How to Prepare for Bowling into the Rough | Cricket coaching, fitness and tips

How to Prepare for Bowling into the Rough

One of the features of this Ashes series will be the battle between spinner and batters as the rough patches develop rapidly through each Test match. The weather in the UK has been (relatively) dry for months. The pitches are drier than usual for this time of year.

The Australian left arm seamers will help the rough patches to degrade at an accelerated rate outside the right handed batters off stump. This shall bring Moeen Ali and Nathan Lyon into the game earlier as attacking forces. It is likely that the Stokes, Anderson, Broad and Wood will bowl some overs around the wicket at David Warner, if he stays in long enough. This will also add wear and tear to that rough area.

The developing rough isn't just a problem for the batter. It also creates challenges for the keeper and the bowler as well. I know what you're saying; "Test match spinners shouldn't be challenged by the rough? It should be all their dreams come true!"

For bowlers such as Murali or Warne the rough represented opportunity. For most spinners, the developing footholds can represent a threat.

This threat is the pressure of expectation.


I have seen so many spinners go to bits under this pressure. They are seen as the 'only' wicket taking option in the last innings. There are men all around the bat for long periods which also builds pressure on the bowler to perform. Often, the reality is that the bowler's shoulders get tight, the hands get sweaty and the ball starts coming out with less energy and revolutions on it.

The bowler shifts his focus to merely landing the ball in the rough rather than spinning the ball hard. Their effectiveness drops, as does their confidence.

I have seen Monty Panesar go to pieces when faced with a huge area of rough outside Graeme Smiths off stump at Edgbaston in 2008 and also in Chennai against Sachin Tendulkar in 2009. Monty has been a fine bowler over the years, so it can happen to anyone.

What can we do to help our spinner overcome the pressure of expectation?

What is success?

Success should be gauged by the amount of revs on the ball rather than where it lands.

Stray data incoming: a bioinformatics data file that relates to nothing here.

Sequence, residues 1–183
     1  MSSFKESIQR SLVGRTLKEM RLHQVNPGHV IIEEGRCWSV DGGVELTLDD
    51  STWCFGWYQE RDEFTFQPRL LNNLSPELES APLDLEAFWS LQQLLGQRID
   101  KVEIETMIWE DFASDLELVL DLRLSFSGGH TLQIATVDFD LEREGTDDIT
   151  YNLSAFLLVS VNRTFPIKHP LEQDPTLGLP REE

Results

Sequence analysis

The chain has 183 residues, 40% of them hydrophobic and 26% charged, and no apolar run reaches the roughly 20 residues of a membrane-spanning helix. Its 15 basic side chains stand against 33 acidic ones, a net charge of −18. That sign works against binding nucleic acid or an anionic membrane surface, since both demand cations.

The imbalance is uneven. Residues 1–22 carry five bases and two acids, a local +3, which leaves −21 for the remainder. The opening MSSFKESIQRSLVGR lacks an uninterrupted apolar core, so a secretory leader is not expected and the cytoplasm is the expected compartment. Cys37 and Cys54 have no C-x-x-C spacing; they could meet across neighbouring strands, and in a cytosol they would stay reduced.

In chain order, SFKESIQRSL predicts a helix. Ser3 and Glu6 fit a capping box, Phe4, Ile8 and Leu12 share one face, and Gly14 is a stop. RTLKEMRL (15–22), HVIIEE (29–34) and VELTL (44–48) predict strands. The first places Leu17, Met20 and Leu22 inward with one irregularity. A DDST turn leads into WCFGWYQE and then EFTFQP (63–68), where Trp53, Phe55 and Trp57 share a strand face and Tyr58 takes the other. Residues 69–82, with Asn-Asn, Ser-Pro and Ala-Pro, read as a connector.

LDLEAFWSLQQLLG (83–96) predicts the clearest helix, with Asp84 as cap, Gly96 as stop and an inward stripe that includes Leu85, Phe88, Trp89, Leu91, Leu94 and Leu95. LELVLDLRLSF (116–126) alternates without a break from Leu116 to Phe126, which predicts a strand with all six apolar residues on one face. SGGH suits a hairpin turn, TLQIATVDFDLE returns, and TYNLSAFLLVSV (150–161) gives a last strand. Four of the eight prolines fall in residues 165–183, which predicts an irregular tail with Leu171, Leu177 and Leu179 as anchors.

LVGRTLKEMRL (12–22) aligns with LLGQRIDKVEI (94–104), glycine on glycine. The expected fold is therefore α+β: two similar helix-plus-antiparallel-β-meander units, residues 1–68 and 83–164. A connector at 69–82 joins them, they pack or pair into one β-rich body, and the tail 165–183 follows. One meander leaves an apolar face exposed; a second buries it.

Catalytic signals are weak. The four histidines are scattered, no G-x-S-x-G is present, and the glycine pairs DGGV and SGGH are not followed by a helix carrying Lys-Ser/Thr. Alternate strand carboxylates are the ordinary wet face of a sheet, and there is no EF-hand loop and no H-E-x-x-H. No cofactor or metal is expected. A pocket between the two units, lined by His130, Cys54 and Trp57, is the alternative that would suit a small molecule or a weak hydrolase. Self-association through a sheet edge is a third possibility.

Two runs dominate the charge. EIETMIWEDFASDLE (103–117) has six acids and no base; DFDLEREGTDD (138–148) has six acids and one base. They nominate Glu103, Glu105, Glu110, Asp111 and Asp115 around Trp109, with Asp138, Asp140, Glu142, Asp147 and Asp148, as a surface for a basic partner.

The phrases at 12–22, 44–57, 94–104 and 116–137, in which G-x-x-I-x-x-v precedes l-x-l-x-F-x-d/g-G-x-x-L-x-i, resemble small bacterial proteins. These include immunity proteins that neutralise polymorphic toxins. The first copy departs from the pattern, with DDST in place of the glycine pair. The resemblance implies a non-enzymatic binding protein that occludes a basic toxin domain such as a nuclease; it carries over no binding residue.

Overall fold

This way, the bowler also feels confident in creating pressure through landing the ball on the less rough bits of the pitch as well as the in the footholes.

Whilst we remember the Shane Warne wickets that darted back from the rough to dismiss left handlers, Shane would be the first to recall lots of dismissals in the last innings from balls that missed the rough by a fair margin.

Distraction theory

Glenn McGrath recently revealed that he often sang a song inside his head at the end of his mark and into his run up to take his mind away from technical thought or pressure. He wanted to be bowling on autopilot rather than in a high state of consciousness.

He did this in particular when faced with seamer friendly conditions or when he was bowling at someone who had the upper hand on him in previous battles. It was a fascinating revelation that I thought would transfer directly over to spinners as well as seamers.

The car mat challenge

Practice is always important yet is very difficult to recreate 4th and 5th day conditions in our training environments. I always carry a number of different car floor mats or door mats in my coaching bag. Some rubber ones, some carpeted ones, some with ridges, some with rubber spikes.

I lay these out in the net when we are training for upcoming matches where the rough is likely be a feature of the game.

The ball reacts differently to the car mats than the grass or artificial wicket that it sits upon. Some spin, some jump or keep low, some spin the other way!

The bowler gets the opportunity to practice using the rough.

The batter figures out strategies and methods that could be used in matchplay and the keepers have to work hard to stay down and react to the different bounces and spins that come from different mats and other parts of the pitch.

This acts as over training principle for the keepers and batters. It's fun and prepares players over and beyond what they are likely to encounter in a game.

Be proactive, be creative and help players prepare strategies to deal with developing rough before they are exposed to it - and fail - in matchplay.

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